A history of Scottish words: Edinburgh

Via The Scotsman:

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EDINBURGH is a city of contrasts and differences, and that extends to the dialect of its residents. Just as the Old and New Towns radically differ in style, so do the accents and vocabularies of the city’s residents.

In upper-crust areas such as Stockbridge and Morningside, residents pride themselves on their flawless diction and restrained vocabulary. While the more refined areas of Edinburgh channel the spirit of Miss Jean Brodie, it’s the likes of Leith and Tollcross that offer the more interesting slang.

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What did Chris say?

I’m in a writers’ group with author Chris Ward. (Buy his books. He’s a wonderful writer.) On a regular basis, Chris throws out British expressions that I have to look up. So I decided to create a blog feature about it.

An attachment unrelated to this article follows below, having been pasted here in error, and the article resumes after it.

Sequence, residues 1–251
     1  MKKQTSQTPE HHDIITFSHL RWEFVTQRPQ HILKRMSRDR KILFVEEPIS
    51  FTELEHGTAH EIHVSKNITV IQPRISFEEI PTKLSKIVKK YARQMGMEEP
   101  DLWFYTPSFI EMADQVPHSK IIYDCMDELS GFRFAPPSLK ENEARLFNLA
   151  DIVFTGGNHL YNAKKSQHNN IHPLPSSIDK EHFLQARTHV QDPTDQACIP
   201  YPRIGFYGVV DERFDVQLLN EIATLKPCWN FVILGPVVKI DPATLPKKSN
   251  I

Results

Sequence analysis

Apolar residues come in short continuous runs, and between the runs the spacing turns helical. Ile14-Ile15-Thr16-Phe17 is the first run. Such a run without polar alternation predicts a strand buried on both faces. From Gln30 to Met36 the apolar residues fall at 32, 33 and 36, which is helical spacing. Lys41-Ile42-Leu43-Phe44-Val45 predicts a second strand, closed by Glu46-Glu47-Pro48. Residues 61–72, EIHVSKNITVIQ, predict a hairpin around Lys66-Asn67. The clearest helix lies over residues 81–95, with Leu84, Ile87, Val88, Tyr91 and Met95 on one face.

So, what did Chris say today?

“Broke my duck” — Originating from cricket, it comes from the phrase “to break your duck’s egg.” It means to do something for the first time. For more info, click here.

“Big girl’s blouse” — a wuss

The other day, he said something about a kip. — It means to get some sleep or take a nap.